Indian Tyre Exports Decrease 12% Between April & December
A marked decline in vehicle sales worldwide together with tighter import restrictions in some countries is being blamed for a 12 per cent decrease in tyre exports from India in the last three quarters. According to India’s Automotive Tyre Manufacturers Association (ATMA), Indian tyre companies exported 2.346 million tyres between April and December 2008, compared with 2.668 million during the same period of 2007. This drop in exports occurred despite a devaluation of the rupee against the US dollar and numerous other major currencies.
The downturn was most pronounced in the truck and bus tyre segment, which experienced a 16 per cent decline in exports from 1.865 to 1.563 million units between April and December. A more modest 2 per cent drop occurred in the passenger car tyre segment, with exports of 783,000 tyres compared with 803,000 a year earlier.
Import tariffs are thought to be a major contributor to these lower export figures. “Due to high import tariff in Malaysia, Vietnam, Indonesia and Thailand, Indian tyre exports are not competitive,” ATMA director general Rajiv Budhraja told India’s Business Standard newspaper. “At the same time, these countries are high growth markets in terms of production and consumption.” Additional factors are also believed to have contributed, including a build-up in inventory in cheaper manufacturing countries, such as China.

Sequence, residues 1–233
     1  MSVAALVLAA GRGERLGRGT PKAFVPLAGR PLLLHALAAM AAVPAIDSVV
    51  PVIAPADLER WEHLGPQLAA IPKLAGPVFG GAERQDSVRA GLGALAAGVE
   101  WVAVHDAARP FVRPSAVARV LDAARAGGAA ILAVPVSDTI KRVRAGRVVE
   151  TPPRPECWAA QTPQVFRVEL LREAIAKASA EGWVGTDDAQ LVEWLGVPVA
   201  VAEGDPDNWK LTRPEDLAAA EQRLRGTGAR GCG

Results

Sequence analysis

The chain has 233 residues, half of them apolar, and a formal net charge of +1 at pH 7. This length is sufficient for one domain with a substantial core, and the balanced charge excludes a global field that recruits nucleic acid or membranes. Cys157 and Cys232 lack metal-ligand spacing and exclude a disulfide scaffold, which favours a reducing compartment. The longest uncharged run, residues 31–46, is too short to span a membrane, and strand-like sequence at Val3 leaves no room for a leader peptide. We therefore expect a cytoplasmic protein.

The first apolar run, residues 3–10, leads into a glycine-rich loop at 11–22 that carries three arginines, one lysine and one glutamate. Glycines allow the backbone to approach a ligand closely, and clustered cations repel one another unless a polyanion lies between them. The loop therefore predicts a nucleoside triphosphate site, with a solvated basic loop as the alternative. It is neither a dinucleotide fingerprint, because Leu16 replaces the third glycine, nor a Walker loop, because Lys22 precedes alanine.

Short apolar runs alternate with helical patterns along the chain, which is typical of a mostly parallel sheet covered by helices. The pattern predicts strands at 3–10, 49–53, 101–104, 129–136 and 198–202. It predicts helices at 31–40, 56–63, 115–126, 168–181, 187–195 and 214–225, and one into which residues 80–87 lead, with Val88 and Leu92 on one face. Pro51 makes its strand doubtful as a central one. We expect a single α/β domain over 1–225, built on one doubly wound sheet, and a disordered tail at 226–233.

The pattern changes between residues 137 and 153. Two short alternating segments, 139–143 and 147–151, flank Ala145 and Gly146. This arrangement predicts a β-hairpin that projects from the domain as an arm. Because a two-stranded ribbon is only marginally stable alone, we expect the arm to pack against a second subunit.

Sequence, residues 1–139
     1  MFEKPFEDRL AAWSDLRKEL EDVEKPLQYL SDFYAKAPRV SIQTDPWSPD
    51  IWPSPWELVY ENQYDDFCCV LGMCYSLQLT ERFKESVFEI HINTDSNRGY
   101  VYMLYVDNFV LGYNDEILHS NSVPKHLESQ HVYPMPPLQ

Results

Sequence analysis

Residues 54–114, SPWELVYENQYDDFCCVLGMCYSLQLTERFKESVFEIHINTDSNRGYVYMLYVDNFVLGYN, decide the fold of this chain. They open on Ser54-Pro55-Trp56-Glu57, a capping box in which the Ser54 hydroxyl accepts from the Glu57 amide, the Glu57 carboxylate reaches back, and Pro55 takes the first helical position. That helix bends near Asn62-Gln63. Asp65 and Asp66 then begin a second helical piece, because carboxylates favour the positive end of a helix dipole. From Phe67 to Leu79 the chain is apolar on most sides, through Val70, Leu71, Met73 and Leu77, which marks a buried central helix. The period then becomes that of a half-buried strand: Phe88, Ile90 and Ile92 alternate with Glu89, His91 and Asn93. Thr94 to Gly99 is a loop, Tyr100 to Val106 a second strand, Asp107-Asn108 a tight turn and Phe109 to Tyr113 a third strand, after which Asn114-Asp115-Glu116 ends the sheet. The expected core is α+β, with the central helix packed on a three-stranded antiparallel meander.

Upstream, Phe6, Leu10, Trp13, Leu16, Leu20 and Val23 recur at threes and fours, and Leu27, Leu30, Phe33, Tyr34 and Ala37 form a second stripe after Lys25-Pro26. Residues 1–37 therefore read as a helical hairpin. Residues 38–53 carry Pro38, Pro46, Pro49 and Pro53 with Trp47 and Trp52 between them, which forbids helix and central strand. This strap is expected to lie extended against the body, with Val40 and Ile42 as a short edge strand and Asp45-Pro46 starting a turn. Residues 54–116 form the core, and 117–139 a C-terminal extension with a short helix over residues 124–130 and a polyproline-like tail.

“About 20 per cent of our production is exported as of today, but we have seen a drastic fall in demand from markets like West Asia, Africa and Latin America,” added Ceat sales and marketing vice president Arnab Banerjee. “These markets deteriorated much earlier and faster than the Indian market. Although the current quarter has been better so far, compared to the earlier quarters, we will not post any growth in net profit for the full financial year.” ATMA figures indicate that Ceat exported Rs 4.12 billion (US$79.38 million) worth of tyres from India between April and December 2008. Its market share stood at 23 per cent from the industry total of Rs 1.806 billion (US$347.98) for the reported period.
To counter the slowdown in exports, the ATMA has requested tax concessions and incentives that will level the playing field between Indian and Chinese manufacturers, and help Indian companies remain competitive in export markets. Measures suggested by tyre industry include reducing the interest rate for pre-shipment credit to 6 per cent (equivalent to that in China) from the existing 10-11 per cent.